BigNumber raiseToPower(BigNumber base, long exponent);

I have also included BigNumberMathTest an Arduino 1.0.1 compatible sketch that prints out tables for Cos, Sin, ArcSin, ArcTan plus special checks (including of ArcTan2). Note that the "-100" displayed in "F[-100]" etc... is not the argument with which the function has been evaluated, it was used to automate checking of the results in Mathematica. All of the functions have been checked against Mathematica for a small range (201 points that span a "reasonable" part of the domain), these Mathematica checking files have been included in the BigNumberMathTest/checks folder for those who are interested.

== Discussion ==

This library is designed to be a drop-in replacement for Gabriel's BigNumberMathFunctions.ino. My hope is that this library can be included in Gabriel's Sun Tracking program to allow full arbitrary precision sun tracking.  All that is required is to replace every occurence of function with BigNumberMath::function and ensure that a sensible number of terms in the expansion is chosen. To begin with, I would recommend 20 terms for Cos and Sin and 10 terms for ArcTan, ArcTan2 and ArcSin on the Arduino Uno.

On the Arduino Uno for the few cases tested these new implementations typically return >7 digits of precision for a big number scale = 30 with 10 terms of the expansion, this takes less than 3 seconds to evaluate in most cases.

== Disclaimer ==
I am in no way claiming that this implementation is optimal or even accurate and I am very happy for any improvements to be made to this library. This is the first revision of my first attempt at arbitrary precision calculations and my first c++ and Arduino library! There are still lots of things to be fixed. Please feel free to get involved, there are lots of people out there far more experienced than me. I do hope that any changes you do make will be published back here so that everybody can benefit from them. Please report any bugs/issues and possible improvements!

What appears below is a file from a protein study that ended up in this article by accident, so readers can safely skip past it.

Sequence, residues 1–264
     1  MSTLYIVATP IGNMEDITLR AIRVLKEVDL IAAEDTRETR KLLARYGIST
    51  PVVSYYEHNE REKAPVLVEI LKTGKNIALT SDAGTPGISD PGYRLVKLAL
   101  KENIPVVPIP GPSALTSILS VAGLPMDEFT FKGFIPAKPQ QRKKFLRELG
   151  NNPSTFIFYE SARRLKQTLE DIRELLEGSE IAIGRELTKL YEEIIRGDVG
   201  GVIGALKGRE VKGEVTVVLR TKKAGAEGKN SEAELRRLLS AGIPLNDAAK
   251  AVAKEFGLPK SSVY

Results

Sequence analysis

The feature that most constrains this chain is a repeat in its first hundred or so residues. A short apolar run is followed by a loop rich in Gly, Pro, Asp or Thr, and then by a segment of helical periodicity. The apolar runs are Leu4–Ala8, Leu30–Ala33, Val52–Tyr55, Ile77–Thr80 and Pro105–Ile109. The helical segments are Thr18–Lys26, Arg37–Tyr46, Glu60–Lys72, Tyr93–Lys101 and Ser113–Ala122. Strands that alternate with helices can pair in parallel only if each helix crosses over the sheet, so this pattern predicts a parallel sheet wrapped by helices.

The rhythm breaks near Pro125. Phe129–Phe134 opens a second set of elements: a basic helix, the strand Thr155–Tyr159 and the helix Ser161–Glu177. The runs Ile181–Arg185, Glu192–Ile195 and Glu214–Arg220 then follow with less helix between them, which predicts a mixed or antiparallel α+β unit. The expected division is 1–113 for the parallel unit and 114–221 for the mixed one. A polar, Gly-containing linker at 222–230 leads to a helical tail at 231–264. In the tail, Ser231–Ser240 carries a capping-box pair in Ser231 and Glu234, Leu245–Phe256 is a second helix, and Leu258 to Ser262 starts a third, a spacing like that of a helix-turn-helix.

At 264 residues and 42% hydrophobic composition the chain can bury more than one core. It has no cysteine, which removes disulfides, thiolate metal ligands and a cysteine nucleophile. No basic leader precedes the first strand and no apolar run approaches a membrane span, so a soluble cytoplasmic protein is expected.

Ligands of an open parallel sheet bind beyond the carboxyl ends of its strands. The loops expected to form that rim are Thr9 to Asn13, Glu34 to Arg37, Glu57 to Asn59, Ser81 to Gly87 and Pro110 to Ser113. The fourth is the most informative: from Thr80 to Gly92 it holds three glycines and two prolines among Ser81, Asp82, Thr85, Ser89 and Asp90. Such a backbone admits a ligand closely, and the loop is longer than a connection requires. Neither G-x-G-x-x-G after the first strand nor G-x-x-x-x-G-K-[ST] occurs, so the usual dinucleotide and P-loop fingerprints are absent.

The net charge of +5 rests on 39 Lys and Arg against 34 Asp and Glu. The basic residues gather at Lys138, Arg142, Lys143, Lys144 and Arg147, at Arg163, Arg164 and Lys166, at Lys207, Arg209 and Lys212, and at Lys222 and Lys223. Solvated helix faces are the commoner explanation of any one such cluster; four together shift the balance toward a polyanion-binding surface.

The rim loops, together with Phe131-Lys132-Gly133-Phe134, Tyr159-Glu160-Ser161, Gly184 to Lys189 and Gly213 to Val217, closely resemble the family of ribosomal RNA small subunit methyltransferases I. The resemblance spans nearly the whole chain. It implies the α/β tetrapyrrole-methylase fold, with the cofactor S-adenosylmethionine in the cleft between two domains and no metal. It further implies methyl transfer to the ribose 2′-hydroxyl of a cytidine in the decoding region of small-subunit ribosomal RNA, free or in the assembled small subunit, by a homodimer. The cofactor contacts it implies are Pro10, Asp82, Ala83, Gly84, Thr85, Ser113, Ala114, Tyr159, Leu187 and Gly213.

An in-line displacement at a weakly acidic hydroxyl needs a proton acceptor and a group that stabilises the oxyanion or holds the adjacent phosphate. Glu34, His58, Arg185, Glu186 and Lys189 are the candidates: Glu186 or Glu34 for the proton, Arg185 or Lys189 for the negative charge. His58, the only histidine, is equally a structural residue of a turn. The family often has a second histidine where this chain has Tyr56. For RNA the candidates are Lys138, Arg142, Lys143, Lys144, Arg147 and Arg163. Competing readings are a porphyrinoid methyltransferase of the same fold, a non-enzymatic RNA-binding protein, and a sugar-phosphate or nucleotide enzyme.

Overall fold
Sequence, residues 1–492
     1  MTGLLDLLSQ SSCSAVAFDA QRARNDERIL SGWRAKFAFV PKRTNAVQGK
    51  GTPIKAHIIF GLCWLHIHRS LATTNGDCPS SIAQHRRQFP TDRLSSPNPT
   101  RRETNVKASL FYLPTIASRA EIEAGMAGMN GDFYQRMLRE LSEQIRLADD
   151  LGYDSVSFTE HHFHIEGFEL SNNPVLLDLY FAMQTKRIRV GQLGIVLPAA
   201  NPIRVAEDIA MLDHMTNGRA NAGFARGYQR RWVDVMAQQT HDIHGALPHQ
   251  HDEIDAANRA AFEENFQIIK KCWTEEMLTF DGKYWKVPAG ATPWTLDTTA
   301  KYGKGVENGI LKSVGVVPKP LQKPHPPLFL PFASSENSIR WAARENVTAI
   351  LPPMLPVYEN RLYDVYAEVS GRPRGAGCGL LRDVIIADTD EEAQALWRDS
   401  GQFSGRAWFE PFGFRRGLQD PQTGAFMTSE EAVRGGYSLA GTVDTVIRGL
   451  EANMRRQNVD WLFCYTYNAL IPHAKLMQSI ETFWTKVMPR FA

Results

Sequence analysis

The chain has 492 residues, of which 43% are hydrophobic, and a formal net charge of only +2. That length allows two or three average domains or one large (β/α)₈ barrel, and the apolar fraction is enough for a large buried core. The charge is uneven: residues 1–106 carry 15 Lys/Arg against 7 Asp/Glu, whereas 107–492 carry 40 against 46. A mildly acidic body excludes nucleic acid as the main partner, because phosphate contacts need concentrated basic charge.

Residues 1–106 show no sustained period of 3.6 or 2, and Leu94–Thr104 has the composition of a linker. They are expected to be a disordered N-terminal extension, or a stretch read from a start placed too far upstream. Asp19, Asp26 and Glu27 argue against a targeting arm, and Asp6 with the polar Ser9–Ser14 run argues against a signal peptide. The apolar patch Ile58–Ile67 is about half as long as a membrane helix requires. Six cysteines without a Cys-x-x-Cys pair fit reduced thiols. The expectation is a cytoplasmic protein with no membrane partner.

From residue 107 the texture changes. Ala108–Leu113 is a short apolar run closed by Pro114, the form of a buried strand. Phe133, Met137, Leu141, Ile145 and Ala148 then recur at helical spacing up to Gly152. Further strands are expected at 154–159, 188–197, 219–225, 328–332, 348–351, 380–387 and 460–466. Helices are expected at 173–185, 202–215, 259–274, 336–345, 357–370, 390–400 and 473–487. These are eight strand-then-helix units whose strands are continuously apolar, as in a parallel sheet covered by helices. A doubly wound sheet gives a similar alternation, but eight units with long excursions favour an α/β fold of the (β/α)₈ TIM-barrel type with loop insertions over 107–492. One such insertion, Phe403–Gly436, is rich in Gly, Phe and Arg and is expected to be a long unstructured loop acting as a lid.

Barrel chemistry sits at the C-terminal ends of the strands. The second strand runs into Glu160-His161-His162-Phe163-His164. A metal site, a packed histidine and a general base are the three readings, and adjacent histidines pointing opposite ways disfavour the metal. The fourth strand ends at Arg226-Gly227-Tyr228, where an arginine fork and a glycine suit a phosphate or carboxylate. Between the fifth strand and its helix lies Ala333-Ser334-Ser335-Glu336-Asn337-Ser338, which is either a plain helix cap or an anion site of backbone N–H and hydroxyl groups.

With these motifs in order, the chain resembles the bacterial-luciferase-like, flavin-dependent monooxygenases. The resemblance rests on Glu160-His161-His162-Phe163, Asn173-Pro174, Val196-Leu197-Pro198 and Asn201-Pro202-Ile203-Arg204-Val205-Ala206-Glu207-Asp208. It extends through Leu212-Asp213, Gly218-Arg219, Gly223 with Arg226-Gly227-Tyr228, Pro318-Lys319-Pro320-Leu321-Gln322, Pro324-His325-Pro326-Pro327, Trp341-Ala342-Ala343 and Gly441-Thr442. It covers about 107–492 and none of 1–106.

I would like to make clear that this work is heavily influenced by the implementation by Gabriel, many of the functions are directly copied. Euler's approximation is still used in the approximation of ArcTan, however, some numerical tricks, implemented by me, have been used to express this in a more computationally friendly way. I will post more on this shortly. I think I found a new (probably not) efficient way to compute the coefficients of the Euler expansion using lots of numerically easy operations (floor, power), this trick is used in the ArcTan function implemented in this library.

Thanks to Gabriel for his dedication to this cause! I am building a solar tracker currently and hope to be more involved in this community. Looking forward to hearing from you guys!
« Last Edit: October 17, 2012, 02:23:52 PM by Bob101 »


Bob101

  • Jr. Member
  • **
  • Posts: 71
    • View Profile
Re: (Library) Arbitrary precision ArcTan, ArcTan2 and ArcSin for Arduino
« Reply #1 on: July 16, 2012, 12:42:04 PM »
To help understand precisely why the old implementation of ArcTan often crashed the Arduino and to explain some of the mathematics behind the new ArcTan function I have attached a short (2 page) summary of what changes were implemented and why.

Hope this helps!

« Last Edit: July 17, 2012, 01:55:45 AM by Bob101 »


Gabriel

  • Administrator
  • Hero Member
  • *****
  • Posts: 655
    • View Profile
Re: (Library) Arbitrary precision ArcTan, ArcTan2 and ArcSin for Arduino
« Reply #2 on: July 17, 2012, 07:09:34 AM »
This looks awesome!
Thanks for the arctan fix/addition. I spent a lot of time trying to implement it, but I never was able to figure out a way around the memory overflow issue inherent to the large factorials in Euler's Approximation.

I will have to add these improved trig functions to the Arduino Mega version of the Sun Tracking / Heliostat program once I finish updating some other things first. If it works out, we should have the full accuracy of the algorithm, which gives the sun's position to within 0.01 degrees if I recall correctly. Not bad for an 8-bit microcontroller!

Thanks for your help! I hope to hear more from you. It's always nice to have another programmer around to watch my back.